Change is hard. It is uncomfortable. Stepping into the “new” is super hard. Dealing with the unknown, the unexplainable, or that which we do not understand or necessarily agree with makes us want to cling to the current, the status quo, to avoid the change at all costs. Bringing forth the new can be super painful. While I am not a mother, I have been present for at least 3 births and I can say that discomfort and pain definitely comes alongside bringing forth the “new”. So, with that I say, Happy mother’s day to you mothers out there, and bless you.
Change is hard in many ways, and we, as a church, are not exempt from such struggles. There are times that I look for more inclusive translations of the text, that have more inclusive language regarding gender of God, but I went with this one this morning as an example of our understanding. There was a time that there was only a concrete definitive understanding of God as “Father” in a paternal and male-centric way. Over time, change has brought a variety of perspective, rooted in scripture, that has brought forth many understandings of the nature and identity of God, maternal as well as paternal, that has allowed for relationality to God in very important ways, as father, as mother, as Creator. Scriptural study has allowed us to hear the language of God in reference to the Father of Jesus, one born into the world through a human mother as part of the important experience of the humanity of Jesus, and also to see that relationship, between Creator and Created, as intimate and deep as it can be. This change has been met with fear and concern and has also opened up doors of new relationship with God for people in ways that they may not have been able to reconcile in more binary ways. This topic is one that has brought much pain and confusion, and hurt as people process that which was concrete, to that which is full of the new.
So, in the midst of the struggle with change, as Jesus knows what is to come, the suffering of the cross, and grief and anguish that the disciples are sure to feel, Jesus says this:
14 “Do not let your hearts be troubled. Believe[a] in God, believe also in me. 2 In my Father’s house there are many dwelling places. If it were not so, would I have told you that I go to prepare a place for you?[b] 3 And if I go and prepare a place for you, I will come again and will take you to myself, so that where I am, there you may be also. 4 And you know the way to the place where I am going.”
This teaching from this morning, I imagine would be that type of jump back in time to help put everything else into a little different context, to provide perspective and wisdom to connect the dots in the midst of upheaval and change. This is Jesus’ preparation for the hearts of the disciples. Knowing that they will be troubled, knowing that the may be crying out in despair, panic-stricken, and unsure with what will happen next, Jesus plants this seed of memory for them to go back to. This does not make the hardship go away, does not remove the challenges before them, but encourages them to approach each state of discomfort, with an untroubled heart.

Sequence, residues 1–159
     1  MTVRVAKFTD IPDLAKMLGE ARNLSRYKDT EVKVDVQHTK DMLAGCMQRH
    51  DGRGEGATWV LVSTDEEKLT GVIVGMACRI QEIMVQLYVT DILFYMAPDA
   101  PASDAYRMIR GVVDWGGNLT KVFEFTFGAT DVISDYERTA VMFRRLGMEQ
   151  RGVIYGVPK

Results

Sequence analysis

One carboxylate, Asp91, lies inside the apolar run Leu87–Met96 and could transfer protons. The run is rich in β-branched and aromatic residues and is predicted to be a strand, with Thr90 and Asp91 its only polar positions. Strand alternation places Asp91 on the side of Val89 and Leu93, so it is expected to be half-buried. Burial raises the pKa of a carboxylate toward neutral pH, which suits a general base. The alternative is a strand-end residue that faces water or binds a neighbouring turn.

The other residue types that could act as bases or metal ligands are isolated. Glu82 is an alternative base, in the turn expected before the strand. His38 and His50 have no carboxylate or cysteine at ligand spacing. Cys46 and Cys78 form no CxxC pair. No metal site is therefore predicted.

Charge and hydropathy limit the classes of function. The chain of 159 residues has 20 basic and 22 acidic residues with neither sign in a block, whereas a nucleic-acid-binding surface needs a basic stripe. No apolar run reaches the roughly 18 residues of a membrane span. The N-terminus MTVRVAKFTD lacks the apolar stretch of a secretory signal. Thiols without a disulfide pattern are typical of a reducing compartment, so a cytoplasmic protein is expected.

So as they hear this, the disciples seek more information:
Thomas- “Lord, we do not know where you are going. How can we know the way?”
Phillip- “Lord, show us the Father, and we will be satisfied.”
“Jesus, make this easier on us, just give us the cheat sheet on us to make this change easier.”
Jesus says “I am the way. I am the cheat sheet. Believe in me” Often this text has been used as a conditional exchange of if you do this then you get that, but the Greek translation of these conditional phrases are much more about a statement of fact, than an exchange,
“If you know me (and you do), you will know my father also.” So that there can be no misunderstanding, Jesus adds, “From now on, you do know him and have seen him”
There is certainty that NO MATTER WHAT, the redemption, and the relationship with Jesus and humanity is locked in, it is settled. God’s love through Christ to all of humanity is a given, not a maybe.
This is what Jesus is calling the disciples into an understanding of that untroubles the heart in the midst of discomfort.
It was a difficult week for sermon-writing. Between personal schedule, the inability to unplug from the ongoing news cycle and the events of this week, as well as a birthday and our ongoing moving of our family, I found it difficult to concentrate on writing for extended periods of time.
When you experience…
- Change in the political climate around you…
- Change in a job…
- Change in your church…
- Change in a relationship…
Flashback to these words of Jesus. Go back to the memory of that comfort in the midst of discomfort and lean on these words to bring forth a change of heart.
“Do not let your hearts be troubled. I am with you.”